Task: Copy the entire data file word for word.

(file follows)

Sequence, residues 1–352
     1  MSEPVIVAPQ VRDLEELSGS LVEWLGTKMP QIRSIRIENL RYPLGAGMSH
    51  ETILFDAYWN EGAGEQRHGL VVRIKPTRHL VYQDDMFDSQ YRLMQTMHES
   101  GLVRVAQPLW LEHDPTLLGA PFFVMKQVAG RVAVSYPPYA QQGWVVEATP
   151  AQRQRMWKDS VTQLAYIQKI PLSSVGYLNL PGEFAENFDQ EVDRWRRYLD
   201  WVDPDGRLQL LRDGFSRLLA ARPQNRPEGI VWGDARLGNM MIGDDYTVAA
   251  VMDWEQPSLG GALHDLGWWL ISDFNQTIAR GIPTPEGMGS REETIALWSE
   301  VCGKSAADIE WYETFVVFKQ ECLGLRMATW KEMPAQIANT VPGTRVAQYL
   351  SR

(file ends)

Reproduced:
Sequence, residues 1–352
     1  MSEPVIVAPQ VRDLEELSGS LVEWLGTKMP QIRSIRIENL RYPLGAGMSH
    51  ETILFDAYWN EGAGEQRHGL VVRIKPTRHL VYQDDMFDSQ YRLMQTMHES
   101  GLVRVAQPLW LEHDPTLLGA PFFVMKQVAG RVAVSYPPYA QQGWVVEATP
   151  AQRQRMWKDS VTQLAYIQKI PLSSVGYLNL PGEFAENFDQ EVDRWRRYLD
   201  WVDPDGRLQL LRDGFSRLLA ARPQNRPEGI VWGDARLGNM MIGDDYTVAA
   251  VMDWEQPSLG GALHDLGWWL ISDFNQTIAR GIPTPEGMGS REETIALWSE
   301  VCGKSAADIE WYETFVVFKQ ECLGLRMATW KEMPAQIANT VPGTRVAQYL
   351  SR